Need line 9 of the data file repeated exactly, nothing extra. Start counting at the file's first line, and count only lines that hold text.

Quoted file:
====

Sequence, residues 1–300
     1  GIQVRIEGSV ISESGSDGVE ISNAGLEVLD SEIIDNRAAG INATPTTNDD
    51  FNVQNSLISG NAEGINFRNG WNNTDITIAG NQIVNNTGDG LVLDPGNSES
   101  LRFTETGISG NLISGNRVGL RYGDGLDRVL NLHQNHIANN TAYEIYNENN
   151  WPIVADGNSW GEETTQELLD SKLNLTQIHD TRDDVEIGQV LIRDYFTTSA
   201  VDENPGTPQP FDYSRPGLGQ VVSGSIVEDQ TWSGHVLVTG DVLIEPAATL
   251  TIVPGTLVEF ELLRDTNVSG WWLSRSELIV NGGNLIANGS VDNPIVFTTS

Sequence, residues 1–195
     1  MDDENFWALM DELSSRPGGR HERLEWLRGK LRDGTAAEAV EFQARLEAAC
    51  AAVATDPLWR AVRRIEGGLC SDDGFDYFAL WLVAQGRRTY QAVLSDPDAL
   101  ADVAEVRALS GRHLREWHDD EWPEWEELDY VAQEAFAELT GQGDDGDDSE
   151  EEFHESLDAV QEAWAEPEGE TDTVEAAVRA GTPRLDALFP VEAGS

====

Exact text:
     1  MDDENFWALM DELSSRPGGR HERLEWLRGK LRDGTAAEAV EFQARLEAAC